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Good Evening, Mr Collins

By Tom MacIntyre

“The will of the majority will be ignored. Ponder that. Ponder on it.” So says the De Valera character, repeatedly, as he walks around the auditorium before taking the stage at the beginning of the justly acclaimed hit at last year’s Dublin Theatre Festival, Good Evening, Mr Collins, now revived at The Peacock before going on a national tour.

 

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It is impossible to do justice to such a richly complex and hilariously funny piece in such a limited space, since there is so much going on in every scene worthy of comment. One of the remarkable things about Tom Mac Intyre as a playwright is that, while he is a wonderful wordsmith, there is as much attention to the visual in his work as to the verbal. Three of the more surreal but revealing images from the play, chosen at random, which made an impression on this spectator, are Dev playing a schoolmaster giving his pupil Collins a class about Machiavelli’s The Prince, Kitty Kiernan fellating a hurley stick, and Dev dressed in an Indian Chief’s head-dress.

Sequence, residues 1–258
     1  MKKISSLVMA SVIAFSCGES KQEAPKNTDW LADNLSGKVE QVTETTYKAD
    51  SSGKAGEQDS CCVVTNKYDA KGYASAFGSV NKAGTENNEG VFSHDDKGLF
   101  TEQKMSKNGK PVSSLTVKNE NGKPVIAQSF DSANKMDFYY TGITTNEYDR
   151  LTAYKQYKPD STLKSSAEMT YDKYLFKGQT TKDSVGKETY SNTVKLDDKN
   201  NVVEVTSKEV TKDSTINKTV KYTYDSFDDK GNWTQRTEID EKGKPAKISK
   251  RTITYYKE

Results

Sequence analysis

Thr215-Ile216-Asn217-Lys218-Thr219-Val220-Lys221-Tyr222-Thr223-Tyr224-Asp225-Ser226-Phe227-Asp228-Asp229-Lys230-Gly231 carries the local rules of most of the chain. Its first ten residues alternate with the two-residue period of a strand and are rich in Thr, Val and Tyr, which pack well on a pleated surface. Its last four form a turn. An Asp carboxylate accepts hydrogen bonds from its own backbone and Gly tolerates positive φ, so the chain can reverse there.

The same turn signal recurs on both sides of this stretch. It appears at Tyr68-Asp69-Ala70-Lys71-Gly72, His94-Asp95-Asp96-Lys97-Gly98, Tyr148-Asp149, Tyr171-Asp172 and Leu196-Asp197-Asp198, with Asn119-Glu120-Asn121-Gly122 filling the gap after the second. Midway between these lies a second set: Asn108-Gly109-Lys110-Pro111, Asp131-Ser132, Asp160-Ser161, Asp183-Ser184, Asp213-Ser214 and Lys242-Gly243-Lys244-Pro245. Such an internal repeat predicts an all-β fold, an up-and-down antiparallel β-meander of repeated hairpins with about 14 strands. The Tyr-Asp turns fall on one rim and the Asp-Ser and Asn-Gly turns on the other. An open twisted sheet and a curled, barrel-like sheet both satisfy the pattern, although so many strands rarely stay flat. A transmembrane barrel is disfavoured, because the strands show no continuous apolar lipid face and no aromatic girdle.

This ‘good evening’ is a combination of a great script by Mac Intyre, subtle, thoughtful, perfectly timed direction by Kathy McArdle, and bravura performances by the cast, particularly the three leads, Sean Rocks as Collins, Karen Ardiff as the three women in his life, (Moya Llewellyn-Davies/Kitty Kiernan/Hazel Lavery), and Pat Kinevane as De Valera.
The current immense interest in Collins is an interesting phenomena, as is the dialectic relationship between him and De Valera in bringing about the birth of this state. Collins has been seen as the compromiser who subsequently became the man of violence, Dev as the one who refused to do business with the British government yet who subsequently adopted constitutional means. This play contributes to and transcends the revisionist debate, and will be interesting to compare with Neil Jordan’s forthcoming film. “Ponder that. Ponder on it.”

First published in 46A

 

 

 

 

 

 


 

 

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